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ARS Home » Pacific West Area » Corvallis, Oregon » Horticultural Crops Research » Research » Publications at this Location » Publication #352177

Research Project: Integrated Water and Nutrient Management Systems for Sustainable and High-Quality Production of Temperate Fruit and Nursery Crops

Location: Horticultural Crops Research

Title: Effects of amending soil with biochar on plant growth, mycorrhizal colonization, and phytophthora root rot in northern highbush blueberry

Author
item SALES, BRYAN - Oregon State University
item Bryla, David
item Trippe, Kristin
item Weiland, Jerry
item Scagel, Carolyn

Submitted to: HortScience
Publication Type: Abstract Only
Publication Acceptance Date: 5/7/2018
Publication Date: 1/15/2019
Citation: Sales, B.K., Bryla, D.R., Trippe, K.M., Weiland, G.E., Scagel, C.F. 2019. Effects of amending soil with biochar on plant growth, mycorrhizal colonization, and phytophthora root rot in northern highbush blueberry. HortScience. 53(9):S51.

Interpretive Summary:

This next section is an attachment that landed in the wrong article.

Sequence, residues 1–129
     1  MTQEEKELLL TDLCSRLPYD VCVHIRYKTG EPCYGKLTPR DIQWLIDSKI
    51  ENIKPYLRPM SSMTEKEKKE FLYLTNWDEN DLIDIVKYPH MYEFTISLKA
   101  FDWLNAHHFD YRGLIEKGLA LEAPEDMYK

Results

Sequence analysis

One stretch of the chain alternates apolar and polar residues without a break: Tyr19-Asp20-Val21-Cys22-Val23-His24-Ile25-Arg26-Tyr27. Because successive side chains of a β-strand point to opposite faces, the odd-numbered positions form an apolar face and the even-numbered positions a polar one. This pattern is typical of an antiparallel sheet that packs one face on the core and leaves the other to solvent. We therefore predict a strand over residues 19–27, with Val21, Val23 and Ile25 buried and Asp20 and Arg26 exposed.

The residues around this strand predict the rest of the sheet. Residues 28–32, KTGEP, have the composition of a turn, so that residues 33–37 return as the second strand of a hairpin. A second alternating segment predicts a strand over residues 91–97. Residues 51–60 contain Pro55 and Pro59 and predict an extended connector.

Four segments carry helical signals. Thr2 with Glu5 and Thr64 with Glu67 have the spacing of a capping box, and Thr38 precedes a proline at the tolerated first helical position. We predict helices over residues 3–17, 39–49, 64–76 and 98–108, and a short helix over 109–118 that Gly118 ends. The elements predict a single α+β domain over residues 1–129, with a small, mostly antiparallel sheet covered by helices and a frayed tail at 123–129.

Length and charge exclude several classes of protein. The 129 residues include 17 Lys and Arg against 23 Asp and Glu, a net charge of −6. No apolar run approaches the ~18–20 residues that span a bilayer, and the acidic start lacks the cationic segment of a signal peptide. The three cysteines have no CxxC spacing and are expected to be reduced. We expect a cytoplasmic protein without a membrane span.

Technical Abstract: Biochar has been shown to improve soil conditions such as cation exchange capacity, porosity, pH, and beneficial microbial activity, and to suppress infection by soil-borne pathogens, but has received relatively little attention in the horticulture industry. Two experiments were conducted in a greenhouse to determine the potential of using biochar as a soil amendment for northern highbush blueberry (Vaccinium corymbosum L. ‘Legacy’). In Expt. 1, plants were fertilized once per week with a complete fertilizer solution (30–10–10) and irrigated twice per week. In Expt. 2, plants were fertilized once per month with 600 ppm of ammonium sulfate and irrigated three times per week. In both cases, the plants were grown in 4-L pots filled with soil (sandy clay) only or with soil amended with biochar or a biochar/bokashi blend at rates of 10% or 20% by volume. Half of the plants in each soil treatment were then inoculated with Phytophthora cinnamomi, which causes root rot. In the absence of P. cinnamomi, plants amended with 20% biochar or 10% or 20% biochar/bokashi blend had greater leaf area and 30% to 70% more total dry weight than those amended with 10% biochar or soil only. The biochar amendments also increased soil aggregation and root colonization by ericoid mycorrhizal fungi. The percentage of roots colonized by mycorrhizal fungi was = 10% in soil only and ranged from 54% to 94% with the amendments. Plants inoculated with P. cinnamomi were stunted and showed typical symptoms of root rot. Root infection by the pathogen negated any growth benefits of biochar or biochar/bokashi and was greater in plants grown with the amendments than in those grown without them. Overall, amending soil with biochar appears to be a promising means of promoting plant growth and mycorrhizal colonization in northern highbush blueberry, but it may not suppress phytophthora root rot.